cheers
~jc


drkodos


Mar 19, 2003, 2:58 PM
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"UpwardPull" on an anchor is overemphasized as stated very lucidly above...

1. The leader is creating a Protection System. If the leader falls and their pieces hold, an upward pull that has enough force to compromise the anchor still keeps the party on the wall.

2. If the leader's pieces DO NOT hold and the leader FALLS ONTO THE ANCHOR itself, then the anchor better hold MAXIMUM "DOWNWARD" forces.

3. Similar to the concepts of Simul-climbing, where there is no anchor, the pieces the leader places must be part of an overlying system that at many points has omni-directional anchors. After all, any single piece is an anchor. The idea that "bomber" is always four pieces is SAFE way to ensure redundancy (if pieces are properly placed)


I freely admit to the vast oversimplification of the issue, and the notion that all cases are unique and require specific knowledge pertaining to that uniqueness..... :!:


Partner cracklover


Mar 20, 2003, 3:24 PM
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In reply to:
for people starting out multi-pitching, I think it's a good idea to place an anchor for an upward pull. once you get more comfortable with multi-pitching, you may decide not to have an upward pull anchor. also if you tie in short to your downward pull anchor you can eliminate your upward pull anchor. if the terrain above the belay is easy(and the leader not likely to fall) then I would not use an upward pull anchor. it just depends on the climb.
I think it should be obvious from my earlier posts that I vehemently disagree with nearly every aspect of climber1's above post.

Here are some of the reasons why I think it's terrible advice:
1 - I believe that in most cases an anchor incorporating an upward pull piece is significantly less safe, especially for beginners who are unlikely to use a hanging belay. If you don't know why, see my earlier post. In addition, from a pedagogical point of view, I think it's a terrible idea to teach beginners the exception first.
2 - If by "tie in short" you mean that the distance between your standard downward-pull pieces and your stance is small, then I strongly disagree that this is a good case for eliminating the upward pull anchor. On the contrary, this is the one and only case where integrating an upward-pull piece into the anchor is called for. And in general, "tieing in short" should be avoided, precisely because in order to do it safely, (adding an upward pull piece to the anchor) you are compromising the strength of your anchor, as well as reducing the dynamic properties of being lifted by a hard lead fall.
3 - If the climbing above the anchor is so easy that your leader cannot possibly fall past you, tie your anchor onto twigs and moss - who cares. If there is any chance that your leader may fall past you, however, you must build the most secure anchor possible to deal with that possiblity. And in general this means that you should not include an upward pull piece. [/rant]

GO


brutusofwyde


Mar 23, 2003, 12:39 AM
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In reply to:
And in general, "tieing in short" should be avoided, precisely because in order to do it safely, (adding an upward pull piece to the anchor) you are compromising the strength of your anchor, as well as reducing the dynamic properties of being lifted by a hard lead fall.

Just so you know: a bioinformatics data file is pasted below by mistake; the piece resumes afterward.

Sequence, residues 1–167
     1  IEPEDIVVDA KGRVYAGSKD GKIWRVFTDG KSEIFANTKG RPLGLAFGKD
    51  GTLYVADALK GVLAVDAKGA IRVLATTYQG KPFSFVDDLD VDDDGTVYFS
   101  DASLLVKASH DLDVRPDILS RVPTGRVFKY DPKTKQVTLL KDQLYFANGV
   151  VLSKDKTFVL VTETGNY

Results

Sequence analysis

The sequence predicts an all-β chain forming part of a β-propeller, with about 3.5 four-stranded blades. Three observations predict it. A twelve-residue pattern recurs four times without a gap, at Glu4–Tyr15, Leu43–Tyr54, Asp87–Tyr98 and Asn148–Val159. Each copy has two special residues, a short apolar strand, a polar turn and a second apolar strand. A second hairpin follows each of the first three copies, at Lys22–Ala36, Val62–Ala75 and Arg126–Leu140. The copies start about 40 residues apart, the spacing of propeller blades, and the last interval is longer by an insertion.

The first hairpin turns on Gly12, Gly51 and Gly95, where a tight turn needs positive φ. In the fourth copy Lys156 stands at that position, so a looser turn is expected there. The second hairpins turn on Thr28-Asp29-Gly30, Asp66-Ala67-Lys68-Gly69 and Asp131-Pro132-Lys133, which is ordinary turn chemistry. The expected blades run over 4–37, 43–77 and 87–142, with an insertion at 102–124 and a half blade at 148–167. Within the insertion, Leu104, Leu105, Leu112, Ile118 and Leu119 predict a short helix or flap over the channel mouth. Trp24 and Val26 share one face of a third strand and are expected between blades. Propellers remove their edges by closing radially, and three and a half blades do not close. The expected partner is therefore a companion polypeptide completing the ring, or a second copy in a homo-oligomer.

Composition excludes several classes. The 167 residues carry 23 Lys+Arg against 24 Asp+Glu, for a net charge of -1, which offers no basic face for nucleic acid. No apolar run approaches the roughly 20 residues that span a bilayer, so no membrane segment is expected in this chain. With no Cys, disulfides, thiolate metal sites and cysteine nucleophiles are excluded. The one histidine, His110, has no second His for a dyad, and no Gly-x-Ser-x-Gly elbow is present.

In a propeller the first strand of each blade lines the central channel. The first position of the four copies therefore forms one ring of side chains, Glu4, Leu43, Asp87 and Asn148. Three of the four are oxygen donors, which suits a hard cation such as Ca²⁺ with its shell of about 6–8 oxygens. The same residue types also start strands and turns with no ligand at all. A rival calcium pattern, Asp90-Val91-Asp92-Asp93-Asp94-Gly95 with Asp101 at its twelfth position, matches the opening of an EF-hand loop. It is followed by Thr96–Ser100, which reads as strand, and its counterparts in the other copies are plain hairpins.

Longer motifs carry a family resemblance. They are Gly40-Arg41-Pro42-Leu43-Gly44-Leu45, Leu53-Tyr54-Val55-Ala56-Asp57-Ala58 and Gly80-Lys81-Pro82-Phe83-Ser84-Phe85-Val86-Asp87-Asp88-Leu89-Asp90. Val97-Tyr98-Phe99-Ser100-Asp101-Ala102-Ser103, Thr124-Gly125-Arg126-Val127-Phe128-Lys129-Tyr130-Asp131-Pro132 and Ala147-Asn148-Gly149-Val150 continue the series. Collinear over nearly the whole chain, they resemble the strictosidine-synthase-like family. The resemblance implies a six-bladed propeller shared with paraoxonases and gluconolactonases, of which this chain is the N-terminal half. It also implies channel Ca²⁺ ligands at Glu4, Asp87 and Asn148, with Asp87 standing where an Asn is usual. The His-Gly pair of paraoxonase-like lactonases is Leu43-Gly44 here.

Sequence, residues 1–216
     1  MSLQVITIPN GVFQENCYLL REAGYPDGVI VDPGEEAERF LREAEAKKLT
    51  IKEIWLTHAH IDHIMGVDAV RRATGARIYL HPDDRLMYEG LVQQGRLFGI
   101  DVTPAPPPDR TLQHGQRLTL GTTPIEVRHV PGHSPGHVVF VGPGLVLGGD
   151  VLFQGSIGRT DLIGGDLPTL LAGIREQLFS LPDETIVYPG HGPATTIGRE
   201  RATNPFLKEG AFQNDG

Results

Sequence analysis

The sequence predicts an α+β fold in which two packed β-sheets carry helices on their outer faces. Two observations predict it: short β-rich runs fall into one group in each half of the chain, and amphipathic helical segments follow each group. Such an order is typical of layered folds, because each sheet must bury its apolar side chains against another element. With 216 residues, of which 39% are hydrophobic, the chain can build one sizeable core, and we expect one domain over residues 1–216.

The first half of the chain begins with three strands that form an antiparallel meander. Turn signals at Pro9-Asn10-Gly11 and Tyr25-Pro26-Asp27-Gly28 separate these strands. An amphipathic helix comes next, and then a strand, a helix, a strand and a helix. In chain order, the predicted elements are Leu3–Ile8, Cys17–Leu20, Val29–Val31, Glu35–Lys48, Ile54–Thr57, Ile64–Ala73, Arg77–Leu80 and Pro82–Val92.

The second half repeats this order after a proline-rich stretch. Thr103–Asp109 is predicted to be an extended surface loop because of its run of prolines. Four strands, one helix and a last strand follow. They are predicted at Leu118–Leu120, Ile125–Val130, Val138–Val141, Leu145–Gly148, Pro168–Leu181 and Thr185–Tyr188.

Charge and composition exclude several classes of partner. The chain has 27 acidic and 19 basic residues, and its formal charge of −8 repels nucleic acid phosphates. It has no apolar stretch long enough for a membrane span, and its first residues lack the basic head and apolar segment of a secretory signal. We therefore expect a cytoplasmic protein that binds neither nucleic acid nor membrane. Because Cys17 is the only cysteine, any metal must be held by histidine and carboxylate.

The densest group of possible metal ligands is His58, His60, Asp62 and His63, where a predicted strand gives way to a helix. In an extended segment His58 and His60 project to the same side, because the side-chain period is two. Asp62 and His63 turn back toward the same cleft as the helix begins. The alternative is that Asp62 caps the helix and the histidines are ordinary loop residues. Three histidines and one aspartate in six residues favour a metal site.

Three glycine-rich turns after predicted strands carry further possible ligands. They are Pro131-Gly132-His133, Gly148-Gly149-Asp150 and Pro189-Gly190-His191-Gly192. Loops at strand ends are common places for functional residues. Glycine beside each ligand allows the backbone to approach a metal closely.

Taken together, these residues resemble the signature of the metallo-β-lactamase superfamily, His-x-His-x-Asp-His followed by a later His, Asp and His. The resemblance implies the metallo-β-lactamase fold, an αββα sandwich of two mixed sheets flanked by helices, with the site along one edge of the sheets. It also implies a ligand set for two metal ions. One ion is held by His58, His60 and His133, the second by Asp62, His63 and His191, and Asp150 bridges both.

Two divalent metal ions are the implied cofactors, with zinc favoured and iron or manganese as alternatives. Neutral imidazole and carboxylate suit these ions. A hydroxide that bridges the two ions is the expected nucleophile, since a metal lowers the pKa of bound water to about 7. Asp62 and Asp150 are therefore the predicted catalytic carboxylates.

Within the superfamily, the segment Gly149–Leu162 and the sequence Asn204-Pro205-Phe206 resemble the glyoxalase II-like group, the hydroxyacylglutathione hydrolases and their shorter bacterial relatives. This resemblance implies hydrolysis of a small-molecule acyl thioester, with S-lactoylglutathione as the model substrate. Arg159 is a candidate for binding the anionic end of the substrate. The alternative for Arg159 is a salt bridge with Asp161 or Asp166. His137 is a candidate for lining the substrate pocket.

If I understand you correctly, you are advising folks to build belay anchors violating the "No Extension" principle of anchors. I couldn't disagree more.

Forces in a high factor leader fall should be controlled either through load limiters (yates screamers for example), dynamic properties of the rope, or use of a dynamic belay, rather than by jerking the belayer several feet in a direction that the anchor is not built to withstand.

If the forces on a belay anchor can have an outward component, as you suggest in your hypothetical "compromising the strength of the anchor" scenario, then the anchor should be constructed to directly resist outward loading, as well as upward and downward loading. And if you do not know how to do this, you should learn, before your name appears in ANAM.

Brutus of Wyde
Old Climbers' Home
Oakland, California


duskerhu


Mar 23, 2003, 2:39 AM
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And learn how to give a dynamic belay while anchored at belay for multiple directions of pull...

duskerhu


dirtineye


May 12, 2003, 11:18 AM
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The concept of no extension bomber multi directional anchors is lost on some people. Don't be one of em.

Long calls it SRENE, for solid redundant equalised no extention.

DO take that advice on the john long books, do use a little common sense, and make sure you understand why the upward, downward and outward pulls matter.

You could also take a class from an amga certified instructor on building anchors and get hands on experience with an expert.


winkwinklambonini


May 12, 2003, 1:10 PM
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One thought:

When building an anchor, it's good to use as much passive gear as you can since it's a tad harder to place while climbing. But one thing I do when I think of it, and it works out, is to MAKE THE BOTTOM PIECE OF THE CORDELLETTE A CAM. If there is a bad upward pull, the cam might rotate to stop the others from coming out.
Also, after the leader has placed at least one bomber piece, there is effectivly four pieces holding the team on, sooo.....what I do is move the cam down so it's set up for upward. The stoppers should be good of course.


jt512


May 13, 2003, 11:19 AM
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In reply to:
If the pieces are at the level of your head, your climber can fall 16 feet in your scenario all day long, and you'll never get lifted nearly high enough to rip out the placements. However, you will be lifted up enough to reduce some of the force on his top piece, thus giving it a better chance to survive the fall.

On a multipitch climb, I don't think you should be relying on being lifted up to reduce the impact on the top piece. I'd rather be anchored in tight and give a dynamic belay by letting a little rope slide through the ATC.

-Jay